Accuracy estimation refers to the process of approximating the future performance of a classifier induced by an inducer on a given dataset. We refer the reader to kohavi-accest and weiss-kulikowski-ml for an overview.

In many cases where MLC++
presents an accuracy, it also presents the
confidence of the result. The number after the indicates the
standard deviation of the accuracy. If a single test set is
available, the standard deviation is a theoretical computation that
is reasonable for large test sets and for accuracies not too close
to zero or one. If resamplings are used (cross-validation and
bootstrap), then the standard deviation of the sample **mean**
is given. An
accuracy range in square brackets is a 95% confidence bound that
is computed by a more accurate formula
[,]. An
accuracy range in parentheses is a 95% percentile interval
[]; the percentile bound is
pessimistic in the sense that it includes a wider range due to the
integral number of samples. Below 40 samples, it will give the
lowest and highest estimates, so that one can see the variability
of the estimates.

MLC++ currently supports several methods of accuracy estimation:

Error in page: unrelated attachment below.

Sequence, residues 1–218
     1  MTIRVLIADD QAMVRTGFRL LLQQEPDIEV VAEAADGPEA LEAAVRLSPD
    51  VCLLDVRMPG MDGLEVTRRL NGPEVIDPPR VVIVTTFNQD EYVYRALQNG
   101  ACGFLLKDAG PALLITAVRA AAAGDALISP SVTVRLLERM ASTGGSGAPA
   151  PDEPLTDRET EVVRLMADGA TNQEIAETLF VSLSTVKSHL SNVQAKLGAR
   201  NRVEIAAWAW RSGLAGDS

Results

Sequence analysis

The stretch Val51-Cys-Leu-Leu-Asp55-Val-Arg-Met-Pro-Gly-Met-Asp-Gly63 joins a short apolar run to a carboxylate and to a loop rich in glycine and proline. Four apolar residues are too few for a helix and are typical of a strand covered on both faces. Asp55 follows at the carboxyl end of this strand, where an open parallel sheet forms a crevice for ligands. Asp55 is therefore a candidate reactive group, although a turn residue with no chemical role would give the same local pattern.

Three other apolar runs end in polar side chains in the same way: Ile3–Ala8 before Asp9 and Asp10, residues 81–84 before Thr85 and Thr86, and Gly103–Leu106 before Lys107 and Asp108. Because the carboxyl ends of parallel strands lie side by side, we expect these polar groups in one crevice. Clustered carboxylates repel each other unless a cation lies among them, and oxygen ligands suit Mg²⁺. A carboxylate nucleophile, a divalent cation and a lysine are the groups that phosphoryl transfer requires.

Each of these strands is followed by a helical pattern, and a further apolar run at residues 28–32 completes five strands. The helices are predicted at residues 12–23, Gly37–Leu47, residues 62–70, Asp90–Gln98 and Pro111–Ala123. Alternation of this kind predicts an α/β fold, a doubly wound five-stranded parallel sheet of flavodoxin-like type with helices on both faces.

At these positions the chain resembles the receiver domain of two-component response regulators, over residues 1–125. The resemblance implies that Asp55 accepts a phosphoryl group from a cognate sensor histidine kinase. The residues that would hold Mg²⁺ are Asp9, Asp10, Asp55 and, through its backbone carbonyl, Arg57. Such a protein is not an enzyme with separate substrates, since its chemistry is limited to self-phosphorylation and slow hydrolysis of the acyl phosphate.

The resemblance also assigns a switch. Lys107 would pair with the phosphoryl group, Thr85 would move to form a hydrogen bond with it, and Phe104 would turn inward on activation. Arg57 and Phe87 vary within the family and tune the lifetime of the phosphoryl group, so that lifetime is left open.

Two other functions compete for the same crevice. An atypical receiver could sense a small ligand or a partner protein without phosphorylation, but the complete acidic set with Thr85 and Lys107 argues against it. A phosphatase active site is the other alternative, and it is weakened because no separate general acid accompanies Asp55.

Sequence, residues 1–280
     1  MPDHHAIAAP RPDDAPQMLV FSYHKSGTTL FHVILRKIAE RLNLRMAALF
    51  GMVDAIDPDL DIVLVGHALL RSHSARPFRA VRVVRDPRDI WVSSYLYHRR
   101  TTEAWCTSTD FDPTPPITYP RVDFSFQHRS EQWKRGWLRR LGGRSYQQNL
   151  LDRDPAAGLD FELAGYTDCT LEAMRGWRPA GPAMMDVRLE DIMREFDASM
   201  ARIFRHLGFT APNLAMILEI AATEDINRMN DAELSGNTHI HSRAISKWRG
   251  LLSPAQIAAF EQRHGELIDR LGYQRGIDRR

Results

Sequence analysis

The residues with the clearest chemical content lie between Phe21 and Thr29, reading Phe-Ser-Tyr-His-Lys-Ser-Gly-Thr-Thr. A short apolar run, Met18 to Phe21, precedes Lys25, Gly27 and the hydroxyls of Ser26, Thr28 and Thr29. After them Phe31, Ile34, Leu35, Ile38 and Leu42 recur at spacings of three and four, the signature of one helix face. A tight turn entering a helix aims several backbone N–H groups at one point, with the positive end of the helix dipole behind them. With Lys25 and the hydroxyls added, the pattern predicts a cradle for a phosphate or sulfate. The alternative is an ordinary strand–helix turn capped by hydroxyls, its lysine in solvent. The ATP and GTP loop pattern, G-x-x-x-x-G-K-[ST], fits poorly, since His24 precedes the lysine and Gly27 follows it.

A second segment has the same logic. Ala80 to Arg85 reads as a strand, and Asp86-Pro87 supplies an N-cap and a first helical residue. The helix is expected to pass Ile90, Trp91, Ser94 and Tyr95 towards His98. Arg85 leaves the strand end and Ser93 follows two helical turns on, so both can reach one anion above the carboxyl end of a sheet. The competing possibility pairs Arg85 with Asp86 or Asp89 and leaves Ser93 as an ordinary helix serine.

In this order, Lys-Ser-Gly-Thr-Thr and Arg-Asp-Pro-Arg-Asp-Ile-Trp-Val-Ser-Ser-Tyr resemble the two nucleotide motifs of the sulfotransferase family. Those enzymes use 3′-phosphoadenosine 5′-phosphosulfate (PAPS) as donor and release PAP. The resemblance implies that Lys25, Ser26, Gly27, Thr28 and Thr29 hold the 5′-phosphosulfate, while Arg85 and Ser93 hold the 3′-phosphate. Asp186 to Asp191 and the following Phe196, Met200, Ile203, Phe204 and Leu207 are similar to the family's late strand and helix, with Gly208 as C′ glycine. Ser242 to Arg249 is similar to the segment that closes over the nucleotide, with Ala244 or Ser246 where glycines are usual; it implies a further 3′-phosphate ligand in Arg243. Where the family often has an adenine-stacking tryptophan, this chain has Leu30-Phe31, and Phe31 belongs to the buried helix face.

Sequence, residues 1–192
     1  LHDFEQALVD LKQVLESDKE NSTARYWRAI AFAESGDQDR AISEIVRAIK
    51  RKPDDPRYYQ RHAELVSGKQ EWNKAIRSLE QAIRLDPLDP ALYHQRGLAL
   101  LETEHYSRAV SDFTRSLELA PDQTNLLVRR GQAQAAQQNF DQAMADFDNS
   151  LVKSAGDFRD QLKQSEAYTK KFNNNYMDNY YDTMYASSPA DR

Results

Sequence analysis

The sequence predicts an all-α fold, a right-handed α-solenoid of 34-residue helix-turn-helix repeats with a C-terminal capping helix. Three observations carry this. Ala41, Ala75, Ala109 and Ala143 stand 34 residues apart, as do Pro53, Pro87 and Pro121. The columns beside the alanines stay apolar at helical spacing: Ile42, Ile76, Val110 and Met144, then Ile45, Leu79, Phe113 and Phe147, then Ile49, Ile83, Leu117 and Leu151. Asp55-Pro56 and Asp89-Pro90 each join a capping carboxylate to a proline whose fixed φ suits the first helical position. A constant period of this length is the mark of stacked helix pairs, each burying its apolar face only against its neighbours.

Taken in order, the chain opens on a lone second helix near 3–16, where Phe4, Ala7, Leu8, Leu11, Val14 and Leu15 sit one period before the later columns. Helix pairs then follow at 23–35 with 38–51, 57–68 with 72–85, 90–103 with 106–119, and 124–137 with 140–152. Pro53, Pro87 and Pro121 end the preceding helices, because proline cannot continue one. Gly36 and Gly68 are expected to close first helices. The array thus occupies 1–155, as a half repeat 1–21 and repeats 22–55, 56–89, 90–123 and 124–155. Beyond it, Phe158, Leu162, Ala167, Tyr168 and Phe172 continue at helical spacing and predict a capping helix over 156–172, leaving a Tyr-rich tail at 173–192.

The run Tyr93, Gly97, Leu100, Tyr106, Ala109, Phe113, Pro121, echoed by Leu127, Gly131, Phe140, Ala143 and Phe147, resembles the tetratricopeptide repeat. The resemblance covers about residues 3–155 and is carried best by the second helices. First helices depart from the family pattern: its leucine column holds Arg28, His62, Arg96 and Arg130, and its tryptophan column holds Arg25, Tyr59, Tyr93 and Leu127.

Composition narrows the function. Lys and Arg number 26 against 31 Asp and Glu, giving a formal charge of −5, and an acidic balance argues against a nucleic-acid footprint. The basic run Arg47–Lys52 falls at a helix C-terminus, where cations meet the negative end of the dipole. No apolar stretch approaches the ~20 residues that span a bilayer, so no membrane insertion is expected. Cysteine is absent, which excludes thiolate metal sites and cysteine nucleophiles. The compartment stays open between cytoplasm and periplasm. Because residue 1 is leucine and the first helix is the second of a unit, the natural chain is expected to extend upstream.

- Holdout
- The dataset is split into two disjoint sets of
instances. The inducer is trained on one set, the training set,
and tested on the disjoint set, the test set. The accuracy on
the test is the estimated accuracy.
- Cross-validation
- In
**k**-fold cross-validation, the dataset is randomly split into**k**mutually exclusive subsets (the folds) of approximately equal size. The inducer is trained and tested**k**times; each time tested on a fold and trained on the dataset minus the fold. The cross-validation estimate of accuracy is the average of the estimated accuracies from the**k**folds. - Stratified cross-validation
- Same as cross-validation, except
that the folds are stratified so that they contain approximately the
same proportions of labels as the original dataset.
- Bootstrap
- The .632 Bootstrap []
estimates the accuracy as follows. Given a dataset of size
**n**, a**bootstrap sample**is created by sampling**n**instances uniformly from the data (with replacement). Since the dataset is sampled with replacement, the probability of any given instance not being chosen after**n**samples is ; the expected number of distinct instances from the original dataset appearing in the test set is thus 0.632. The accuracy estimate is derived by using the bootstrap sample for training and the rest of the instances for testing. Given a number**b**, the number of bootstrap samples, let be the accuracy estimate for bootstrap sample**i**. The .632 bootstrap estimate is defined aswhere is the resubstitution error estimate on the full dataset (, the error on the training set).

Sun Oct 6 23:17:50 PDT 1996